The Eight Wonder is an Anchor (Part 1)

Geometric progressions embody one of investors’ most ardent love-hate relationships, and like any self-respecting star-crossed lover, are wildly misunderstood.

On the one hand, they are the magic behind compound interest (the eighth wonder of the world, perhaps apocryphally, according to Einstein), but on the other, as Warren Buffet put it discussing Berkshire Hathaway’s returns:

You can be certain that this percentage will diminish in the future. Geometric progressions eventually forge their own anchors.

The human mind is generally terrible at understanding exponential growth, which leads to much confusion. For example, the real average annual compounded rate of return for an investment in the S&P500 between 1900 and June 2016 is approximately 6.5%, while that in constant 10-year treasuries about 2.5%. Most people will look at those numbers and think that the terminal value would differ around 10 times. The mental math would generally go something like this. The difference between the rates is 4%, and 4% times the number of years (116) equals 5.2 and then multiply that by some arbitrary number, let’s say 2, to account for some compounding, and you get a ratio of roughly 10 times. In reality, the ratio is about 100 times, so we were off by an order of magnitude (tsy = $10, SP=$1000).

Once we consider this example it is clear that a better mental model is necessary for considering long term growth rates. One useful trick, is that the time at which a doubling happens for a certain geometric rate is approximately 70 divided by the rate. Knowing this let’s take another crack at the previous example.

An investment growing at 2.5% per year (treasuries) will double in value every 70/2.5 = 28 Years. While one growing at 6.5% (S&P500) every 11 years (10.7). That means that treasuries will double about 4 times over 116 years (116/28) while equities 11 times (116/11). The equation we now have to solve is 2¹¹/2⁴, if we subtract the exponents we get a ratio of 2⁷ or 128 times, significantly closer to the correct number. Although this takes a little bit more work than our previous naive assumption, it can give us a much better understanding of the magnitudes involved.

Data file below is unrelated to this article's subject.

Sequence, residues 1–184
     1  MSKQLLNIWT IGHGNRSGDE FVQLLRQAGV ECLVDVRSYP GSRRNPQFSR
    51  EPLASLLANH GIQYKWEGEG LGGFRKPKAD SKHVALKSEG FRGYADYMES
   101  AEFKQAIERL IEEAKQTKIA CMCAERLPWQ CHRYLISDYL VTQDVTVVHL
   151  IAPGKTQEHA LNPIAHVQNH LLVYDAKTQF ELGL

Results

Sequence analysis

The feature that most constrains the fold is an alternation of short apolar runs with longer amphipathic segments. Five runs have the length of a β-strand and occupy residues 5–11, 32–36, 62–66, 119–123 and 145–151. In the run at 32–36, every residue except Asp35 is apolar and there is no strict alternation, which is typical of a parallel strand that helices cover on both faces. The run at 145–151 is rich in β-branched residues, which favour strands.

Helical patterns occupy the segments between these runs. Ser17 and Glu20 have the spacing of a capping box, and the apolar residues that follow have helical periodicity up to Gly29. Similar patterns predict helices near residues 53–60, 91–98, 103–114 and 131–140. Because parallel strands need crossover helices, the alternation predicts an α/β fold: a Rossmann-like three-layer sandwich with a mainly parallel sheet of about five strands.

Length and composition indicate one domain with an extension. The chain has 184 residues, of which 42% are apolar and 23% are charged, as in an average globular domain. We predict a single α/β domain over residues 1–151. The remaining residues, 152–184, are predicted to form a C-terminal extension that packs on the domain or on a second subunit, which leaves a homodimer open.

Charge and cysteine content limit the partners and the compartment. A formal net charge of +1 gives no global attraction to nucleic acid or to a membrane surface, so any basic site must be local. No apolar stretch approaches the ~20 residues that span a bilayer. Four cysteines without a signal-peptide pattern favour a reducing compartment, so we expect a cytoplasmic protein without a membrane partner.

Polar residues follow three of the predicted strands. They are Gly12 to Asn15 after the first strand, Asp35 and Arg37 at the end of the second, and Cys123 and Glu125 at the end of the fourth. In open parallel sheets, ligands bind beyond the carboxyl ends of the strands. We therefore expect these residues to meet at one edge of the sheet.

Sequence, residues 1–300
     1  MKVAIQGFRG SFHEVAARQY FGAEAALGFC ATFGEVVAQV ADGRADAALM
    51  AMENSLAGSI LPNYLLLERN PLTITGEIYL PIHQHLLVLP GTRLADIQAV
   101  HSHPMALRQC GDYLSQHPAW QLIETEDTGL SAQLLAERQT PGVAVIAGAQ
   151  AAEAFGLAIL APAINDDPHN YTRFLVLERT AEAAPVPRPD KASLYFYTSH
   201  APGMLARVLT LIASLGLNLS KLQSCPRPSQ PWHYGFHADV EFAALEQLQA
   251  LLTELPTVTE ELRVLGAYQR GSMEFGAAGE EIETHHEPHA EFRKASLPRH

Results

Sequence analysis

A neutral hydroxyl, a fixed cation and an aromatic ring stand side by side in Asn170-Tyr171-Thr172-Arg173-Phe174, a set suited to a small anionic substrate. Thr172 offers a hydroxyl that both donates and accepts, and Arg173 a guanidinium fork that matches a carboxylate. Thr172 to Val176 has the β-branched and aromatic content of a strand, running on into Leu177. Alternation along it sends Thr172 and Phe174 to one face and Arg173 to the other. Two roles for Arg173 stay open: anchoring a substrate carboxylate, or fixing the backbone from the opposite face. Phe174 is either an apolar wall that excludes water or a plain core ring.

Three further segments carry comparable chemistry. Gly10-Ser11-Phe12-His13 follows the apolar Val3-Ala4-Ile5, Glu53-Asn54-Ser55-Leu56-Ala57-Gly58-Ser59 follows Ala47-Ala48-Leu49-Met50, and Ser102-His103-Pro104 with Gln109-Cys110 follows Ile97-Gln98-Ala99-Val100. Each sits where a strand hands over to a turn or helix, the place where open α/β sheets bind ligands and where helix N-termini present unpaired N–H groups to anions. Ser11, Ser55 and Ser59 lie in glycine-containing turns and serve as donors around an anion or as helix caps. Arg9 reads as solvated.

Another issue for investors to consider is whether compounded rates of return represent the best heuristic for analyzing long term growth rates. As we just saw small differences in returns compound to giant differences in terminal wealth which is what investors are generally interested in.

For example, over a 30-year horizon using the previous long term averages a $1 investment in the S&P and treasuries, would generate $6.5 and $2 dollars of terminal wealth respectively. Perhaps a better way of analyzing these returns is to think about them in terms of the average yearly increase relative to the original investment (Terminal Value/Initial Value/Years). In this case, we’d see that the S&P increased on average by 22% of the initial dollar every year, while treasuries increased at 7%. This format makes it easier to see the tripling of equities relative to treasuries over this time period.

As we have seen, it is unwise to examine compounded rates of return without taking into account the target investment period. This calls into question the validity of common risk adjusted return measures, such as the Sharpe Ratio, over differing investment horizons. For example Lin and Chou 2003 find that for shorter time periods, large cap equity portfolios dominate small cap, but over longer time periods small cap provides higher risk adjusted returns. Therefore, investors should calculate Sharpe Ratios with the periodicity of returns equal to their investment horizon.

In Part 1 we’ve seen the benefits of compounding (the Wonder) and a better way for investors to understand it. In Part 2 we’ll examine the drawbacks of compounding (the Anchor) and what investors can do about it.